3D Printing in schools


Today, it is more imperative than ever that schools educate their students about the emerging digital fabrication technologies. Especially those of the “additive kind” (i.e. 3D printing) that are going to fundamentally change the world and the way we manufacture goods. With 3D printing becoming affordable, accessible and useful, this is the point where many schools are launching special educational programs aimed at the exploration of the basic principles of additive manufacturing. The good news is that there are already many fully featured, “ready to implement” programs created by companies with a track record in the field. In this post, we will present five of the most prominent solutions currently available.

LeapFrog jumps into schools

Leapfrog was one of the first companies to offer an integrated education package (image: Leapfrog)
Leapfrog was one of the first companies to offer an integrated education package (image: Leapfrog)

LeapFrog’s “The Educational Package”includes the Creatr Dual Extruder 3D printer, a license for the Simplify 3D software, 30 USB sticks, 8 rolls of PLA filament, 8 rolls of ABS filament, text books and training for the educators. The price is almost 2300 Euros, and there is a special discount for schools. LeapFrog’s lesson plans are divided into two categories depending on the age of the students. There is a book that contains 14 lessons aimed at children between 10 and 12, and a book for students from 13 to 18 years with three more advanced lessons/projects on 3D printing.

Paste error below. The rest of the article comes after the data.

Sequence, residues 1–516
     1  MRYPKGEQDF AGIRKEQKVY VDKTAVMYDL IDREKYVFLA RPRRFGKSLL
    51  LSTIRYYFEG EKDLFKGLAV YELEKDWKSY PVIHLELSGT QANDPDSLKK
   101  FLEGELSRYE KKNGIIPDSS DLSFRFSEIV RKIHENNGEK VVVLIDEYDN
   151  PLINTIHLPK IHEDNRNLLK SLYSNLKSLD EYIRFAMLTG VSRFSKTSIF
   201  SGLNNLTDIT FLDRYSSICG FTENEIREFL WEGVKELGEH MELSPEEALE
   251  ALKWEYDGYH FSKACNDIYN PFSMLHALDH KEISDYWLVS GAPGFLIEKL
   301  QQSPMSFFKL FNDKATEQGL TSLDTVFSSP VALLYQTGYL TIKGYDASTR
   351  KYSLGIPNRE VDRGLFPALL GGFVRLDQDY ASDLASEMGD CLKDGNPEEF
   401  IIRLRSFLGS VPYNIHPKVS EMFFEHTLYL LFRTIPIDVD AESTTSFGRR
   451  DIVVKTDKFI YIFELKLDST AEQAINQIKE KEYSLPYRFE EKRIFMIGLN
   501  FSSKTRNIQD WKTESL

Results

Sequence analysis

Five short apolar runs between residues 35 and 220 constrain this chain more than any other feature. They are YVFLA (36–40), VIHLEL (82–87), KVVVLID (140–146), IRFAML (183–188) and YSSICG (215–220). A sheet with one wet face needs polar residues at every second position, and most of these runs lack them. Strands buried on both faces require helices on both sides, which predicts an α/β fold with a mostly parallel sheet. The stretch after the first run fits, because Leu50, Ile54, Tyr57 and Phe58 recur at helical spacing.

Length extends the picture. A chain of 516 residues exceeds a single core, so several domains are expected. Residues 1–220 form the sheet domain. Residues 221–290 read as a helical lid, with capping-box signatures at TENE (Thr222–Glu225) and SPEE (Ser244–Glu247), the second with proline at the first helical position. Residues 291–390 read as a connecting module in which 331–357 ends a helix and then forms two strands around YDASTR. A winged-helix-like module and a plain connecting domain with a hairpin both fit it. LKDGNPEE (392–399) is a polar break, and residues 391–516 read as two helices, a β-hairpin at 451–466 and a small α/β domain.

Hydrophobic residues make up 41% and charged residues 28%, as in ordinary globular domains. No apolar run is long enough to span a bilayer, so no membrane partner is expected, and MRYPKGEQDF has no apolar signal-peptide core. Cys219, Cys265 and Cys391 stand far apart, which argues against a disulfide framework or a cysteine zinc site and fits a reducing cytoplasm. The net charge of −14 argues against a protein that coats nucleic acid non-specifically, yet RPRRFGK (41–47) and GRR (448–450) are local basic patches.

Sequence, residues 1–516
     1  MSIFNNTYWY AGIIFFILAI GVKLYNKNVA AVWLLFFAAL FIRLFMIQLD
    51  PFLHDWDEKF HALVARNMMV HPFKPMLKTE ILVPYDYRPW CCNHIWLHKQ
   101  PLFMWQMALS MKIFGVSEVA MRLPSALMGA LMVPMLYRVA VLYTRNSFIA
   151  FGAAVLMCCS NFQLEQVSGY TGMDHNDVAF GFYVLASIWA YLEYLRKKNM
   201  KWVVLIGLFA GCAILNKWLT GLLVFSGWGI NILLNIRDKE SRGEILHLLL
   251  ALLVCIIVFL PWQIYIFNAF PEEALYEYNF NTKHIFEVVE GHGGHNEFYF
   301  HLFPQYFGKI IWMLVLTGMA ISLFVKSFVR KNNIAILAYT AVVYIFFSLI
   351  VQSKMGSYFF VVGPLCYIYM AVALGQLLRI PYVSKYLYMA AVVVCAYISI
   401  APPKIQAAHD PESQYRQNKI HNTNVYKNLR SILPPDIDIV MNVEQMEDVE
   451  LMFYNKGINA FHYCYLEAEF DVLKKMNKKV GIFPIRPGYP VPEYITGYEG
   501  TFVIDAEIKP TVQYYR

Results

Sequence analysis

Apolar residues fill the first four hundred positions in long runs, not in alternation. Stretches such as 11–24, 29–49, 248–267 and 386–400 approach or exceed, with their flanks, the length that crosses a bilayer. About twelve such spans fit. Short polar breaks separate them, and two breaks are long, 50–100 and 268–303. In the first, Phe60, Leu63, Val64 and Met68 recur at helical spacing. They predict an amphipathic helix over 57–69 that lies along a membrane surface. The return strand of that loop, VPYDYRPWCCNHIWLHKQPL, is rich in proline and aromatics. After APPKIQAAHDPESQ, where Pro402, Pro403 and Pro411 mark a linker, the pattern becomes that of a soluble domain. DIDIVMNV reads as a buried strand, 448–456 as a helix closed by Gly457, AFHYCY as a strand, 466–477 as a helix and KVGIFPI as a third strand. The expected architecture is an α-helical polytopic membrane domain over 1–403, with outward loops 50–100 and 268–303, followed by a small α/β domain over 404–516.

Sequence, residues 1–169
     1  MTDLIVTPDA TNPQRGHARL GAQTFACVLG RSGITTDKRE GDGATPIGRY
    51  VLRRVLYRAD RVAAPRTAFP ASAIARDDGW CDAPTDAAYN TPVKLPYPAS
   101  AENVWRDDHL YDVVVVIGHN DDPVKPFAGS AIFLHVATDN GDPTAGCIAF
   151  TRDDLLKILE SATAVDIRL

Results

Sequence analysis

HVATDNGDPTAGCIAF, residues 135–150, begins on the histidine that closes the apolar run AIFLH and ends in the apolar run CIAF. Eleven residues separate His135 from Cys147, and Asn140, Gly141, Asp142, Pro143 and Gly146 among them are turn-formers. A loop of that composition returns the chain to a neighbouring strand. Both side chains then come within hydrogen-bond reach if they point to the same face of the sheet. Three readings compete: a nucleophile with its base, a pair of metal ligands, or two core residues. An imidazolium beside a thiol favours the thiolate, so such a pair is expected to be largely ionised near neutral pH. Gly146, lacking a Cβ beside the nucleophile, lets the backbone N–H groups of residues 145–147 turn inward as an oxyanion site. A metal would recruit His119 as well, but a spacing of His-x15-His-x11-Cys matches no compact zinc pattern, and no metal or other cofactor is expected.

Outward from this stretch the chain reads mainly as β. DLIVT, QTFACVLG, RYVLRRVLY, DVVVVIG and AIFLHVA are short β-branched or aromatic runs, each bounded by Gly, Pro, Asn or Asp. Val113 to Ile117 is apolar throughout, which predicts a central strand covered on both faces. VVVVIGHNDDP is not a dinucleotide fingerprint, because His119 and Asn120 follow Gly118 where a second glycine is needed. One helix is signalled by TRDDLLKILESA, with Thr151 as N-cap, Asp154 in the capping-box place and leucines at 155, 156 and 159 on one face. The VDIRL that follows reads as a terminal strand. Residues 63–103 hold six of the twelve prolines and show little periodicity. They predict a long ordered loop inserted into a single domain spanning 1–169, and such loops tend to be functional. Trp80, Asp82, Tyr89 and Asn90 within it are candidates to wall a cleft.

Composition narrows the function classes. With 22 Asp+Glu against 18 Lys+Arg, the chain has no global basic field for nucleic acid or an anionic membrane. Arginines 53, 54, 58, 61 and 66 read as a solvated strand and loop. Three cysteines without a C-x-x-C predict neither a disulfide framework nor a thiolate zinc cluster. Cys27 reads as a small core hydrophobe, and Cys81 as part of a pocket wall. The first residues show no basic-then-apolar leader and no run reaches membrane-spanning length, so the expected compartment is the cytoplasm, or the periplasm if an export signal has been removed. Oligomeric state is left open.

Leading Italian manufacturer Sharebot created its own Academy to work with schools and FabLabs (image: Sharebot)
Leading Italian manufacturer Sharebot created its own Academy to work with schools and FabLabs (image: Sharebot)

The software is quite easy to understand and use; preset options will take care of support material configurations, etc. The Creatr printer is ideal for use in schools as it is very robust, tolerates misuse and frequent operation and requires little maintenance. It can print two types of materials simultaneously, the object sizes can be relatively big and there is only one open side rendering the machine temper-proof and less prone to cause burning accidents.

IonCore, Education in the UK

The UK's Ion Core wants to get a 3D printer into every British school (image: Ion Core)
The UK’ Ion Core wants to get a 3D printer into every British school (image: Ion Core)